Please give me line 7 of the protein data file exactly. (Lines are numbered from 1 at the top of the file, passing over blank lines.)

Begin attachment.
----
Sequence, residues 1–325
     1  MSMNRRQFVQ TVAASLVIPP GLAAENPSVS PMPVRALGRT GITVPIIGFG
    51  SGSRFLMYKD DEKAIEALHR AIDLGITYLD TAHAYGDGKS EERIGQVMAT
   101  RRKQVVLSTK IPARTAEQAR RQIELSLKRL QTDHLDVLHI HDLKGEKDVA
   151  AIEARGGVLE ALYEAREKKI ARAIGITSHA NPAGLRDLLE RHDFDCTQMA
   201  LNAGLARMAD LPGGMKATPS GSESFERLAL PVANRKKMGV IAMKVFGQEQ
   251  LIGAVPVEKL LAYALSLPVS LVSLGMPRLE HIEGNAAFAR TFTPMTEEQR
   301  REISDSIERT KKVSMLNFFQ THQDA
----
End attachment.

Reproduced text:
   251  LIGAVPVEKL LAYALSLPVS LVSLGMPRLE HIEGNAAFAR TFTPMTEEQR